What to do if your senior dog keeps waking up in the middle of the night.
It was 1:30am, approximately 2 hours after we had gone to bed and Frodo my little westie was up and trying to jump off the bed again. Thankfully I felt him get up and was able to reach him just in time to catch him before he made the large leap from my bed to the floor. Lately, he never wanted to use the ramp I had gotten him. Not to mention this was the 3rd time this week he had gotten up at this time….
Does this sound familiar to anyone?
There are many signs of doggy dementia but one of the big ones that a lot of senior dog owners talk about first is a change in the nighttime routine. For me, that was Frodo waking up and pacing at night. The pacing would get worse. So what do you do if you notice a change in your senior dog’s nighttime routine?
This week in the podcast, I cover this topic in depth so to really get the scoop on this topic, take a listen but in the meantime here are a few things that have helped my clients and my own 2 senior dogs who did this.
Bring your pet to the vet. The first thing you want to do is rule out a medical issue. There are so many things that can cause restlessness in a dog at night including things like chronic pain (joint disease, teeth, cancer, etc.), an upset stomach, and more and you’ll need a vet you trust to help you rule these things out.
Be consistent with routines. Routines are really important to our dogs in general, but with CCD it is NECESSARY to keep a consistent routine day in and day out to help your senior pet. Their ‘time clock’ is often off giving them a sense of timelessness and causing them to wander and pace a bit more. Getting them out for their daily walks and exercise, keeping routines at home such as potty and training times consistent is a critical step for them.
Create a ‘cozy’ zone: we created something called a ‘cozy zone’ which was a little habitat next to our bed that was big enough to allow them to ‘pace’ comfortably when they wake up at night. We transitioned our senior dog slowly from the bed to this area over a few weeks and provided him with everything he could need there. It contained bedding, food, water, and pee pads. We found that in combination with the next tip, this safe, ‘zone’ for our senior dog was really helpful.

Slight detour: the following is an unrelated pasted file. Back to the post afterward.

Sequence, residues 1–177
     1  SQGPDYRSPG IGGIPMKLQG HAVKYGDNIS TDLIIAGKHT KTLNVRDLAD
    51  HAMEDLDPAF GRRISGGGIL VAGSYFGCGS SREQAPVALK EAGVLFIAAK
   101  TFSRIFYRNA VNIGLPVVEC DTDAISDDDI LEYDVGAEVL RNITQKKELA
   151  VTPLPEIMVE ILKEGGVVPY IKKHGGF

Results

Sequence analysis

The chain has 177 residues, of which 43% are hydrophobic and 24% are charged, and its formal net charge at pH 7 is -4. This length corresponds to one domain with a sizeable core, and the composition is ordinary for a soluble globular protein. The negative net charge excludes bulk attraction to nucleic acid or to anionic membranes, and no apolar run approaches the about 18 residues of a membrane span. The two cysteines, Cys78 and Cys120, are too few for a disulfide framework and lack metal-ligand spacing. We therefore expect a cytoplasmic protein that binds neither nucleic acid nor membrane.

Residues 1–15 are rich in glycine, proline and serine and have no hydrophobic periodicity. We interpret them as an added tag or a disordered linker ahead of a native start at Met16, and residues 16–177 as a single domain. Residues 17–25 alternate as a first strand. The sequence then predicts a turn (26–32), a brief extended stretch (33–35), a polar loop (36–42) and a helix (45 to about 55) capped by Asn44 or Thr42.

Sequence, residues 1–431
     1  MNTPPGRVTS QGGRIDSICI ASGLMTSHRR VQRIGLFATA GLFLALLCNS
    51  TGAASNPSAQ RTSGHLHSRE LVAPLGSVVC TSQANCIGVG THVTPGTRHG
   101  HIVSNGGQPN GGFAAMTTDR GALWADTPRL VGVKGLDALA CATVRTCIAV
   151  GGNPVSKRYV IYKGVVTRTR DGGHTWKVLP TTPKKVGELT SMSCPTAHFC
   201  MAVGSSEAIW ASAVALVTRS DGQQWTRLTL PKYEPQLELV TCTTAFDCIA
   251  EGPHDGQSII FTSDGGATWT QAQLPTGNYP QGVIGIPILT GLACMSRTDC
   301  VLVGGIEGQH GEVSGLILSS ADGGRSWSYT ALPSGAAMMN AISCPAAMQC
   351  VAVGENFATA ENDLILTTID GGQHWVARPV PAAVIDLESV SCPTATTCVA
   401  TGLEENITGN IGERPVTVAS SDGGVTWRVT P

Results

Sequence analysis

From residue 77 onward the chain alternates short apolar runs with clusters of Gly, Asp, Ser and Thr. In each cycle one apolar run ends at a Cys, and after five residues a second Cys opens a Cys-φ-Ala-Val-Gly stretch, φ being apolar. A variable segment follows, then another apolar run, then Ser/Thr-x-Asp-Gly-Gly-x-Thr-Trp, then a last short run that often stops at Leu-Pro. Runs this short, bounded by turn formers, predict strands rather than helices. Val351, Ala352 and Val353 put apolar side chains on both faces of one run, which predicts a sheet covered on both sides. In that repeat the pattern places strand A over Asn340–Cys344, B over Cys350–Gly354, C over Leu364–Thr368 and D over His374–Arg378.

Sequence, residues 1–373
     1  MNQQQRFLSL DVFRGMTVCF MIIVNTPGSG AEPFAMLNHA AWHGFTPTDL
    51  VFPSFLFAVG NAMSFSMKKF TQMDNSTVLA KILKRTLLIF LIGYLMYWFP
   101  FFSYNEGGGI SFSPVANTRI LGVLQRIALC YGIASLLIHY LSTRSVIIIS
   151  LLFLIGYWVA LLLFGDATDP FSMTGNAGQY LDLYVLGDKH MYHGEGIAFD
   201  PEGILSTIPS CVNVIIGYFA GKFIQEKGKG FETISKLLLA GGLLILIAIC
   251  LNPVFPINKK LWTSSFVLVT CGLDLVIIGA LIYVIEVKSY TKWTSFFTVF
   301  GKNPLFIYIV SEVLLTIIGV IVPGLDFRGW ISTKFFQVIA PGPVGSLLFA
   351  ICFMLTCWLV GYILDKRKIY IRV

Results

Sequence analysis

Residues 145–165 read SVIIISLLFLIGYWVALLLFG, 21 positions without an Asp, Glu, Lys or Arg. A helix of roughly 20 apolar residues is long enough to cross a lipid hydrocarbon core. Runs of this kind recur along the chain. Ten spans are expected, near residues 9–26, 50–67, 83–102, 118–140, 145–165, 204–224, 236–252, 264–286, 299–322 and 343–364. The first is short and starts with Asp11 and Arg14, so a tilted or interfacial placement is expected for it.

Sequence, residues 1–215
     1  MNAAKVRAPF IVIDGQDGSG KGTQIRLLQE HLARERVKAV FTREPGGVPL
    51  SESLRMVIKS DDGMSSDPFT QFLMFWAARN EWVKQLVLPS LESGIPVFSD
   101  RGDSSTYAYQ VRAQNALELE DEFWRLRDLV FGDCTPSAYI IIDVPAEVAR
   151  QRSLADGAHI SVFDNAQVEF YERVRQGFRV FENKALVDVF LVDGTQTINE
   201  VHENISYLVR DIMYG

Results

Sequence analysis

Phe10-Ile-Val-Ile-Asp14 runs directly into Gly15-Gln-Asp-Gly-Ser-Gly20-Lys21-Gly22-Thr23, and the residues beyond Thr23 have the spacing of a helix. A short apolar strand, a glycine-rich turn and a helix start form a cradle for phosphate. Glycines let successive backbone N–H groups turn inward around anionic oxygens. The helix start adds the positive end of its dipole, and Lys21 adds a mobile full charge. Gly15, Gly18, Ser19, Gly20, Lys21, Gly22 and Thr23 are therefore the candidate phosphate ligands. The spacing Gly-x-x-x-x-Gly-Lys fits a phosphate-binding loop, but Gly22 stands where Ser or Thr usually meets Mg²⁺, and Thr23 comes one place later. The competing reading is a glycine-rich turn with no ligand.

Night-time Meds: Ask your vet if nighttime medication could help your senior dog. Once your vet has helped rule out other illnesses, there are some medications they may be able to prescribe to help your pet sleep better at night. For Frodo, I started him with melatonin, and then when that stopped working, I added a second medication to help him. (Note: don’t start your dog on melatonin without consulting a vet). We also used a combination of doggy appeasement pheromones, one of my shirts down there with him, a daily supplement for senility to help support him overall.
I find that often a combination of small changes and tweaks can help our senior dogs with this disease. Helping our older dogs with signs of cognitive decline is so important in helping them live their best life. I hope some of those tips are helpful and insightful for anyone going through this now.
In this webinar, Dr. Tarantino and Dr. Lippman teach you 5 key methods backed by research to help you give your dog a happier and longer life. Learn the simple yet effective blueprint they teach and become the best dog mom or dad for your pet in the process.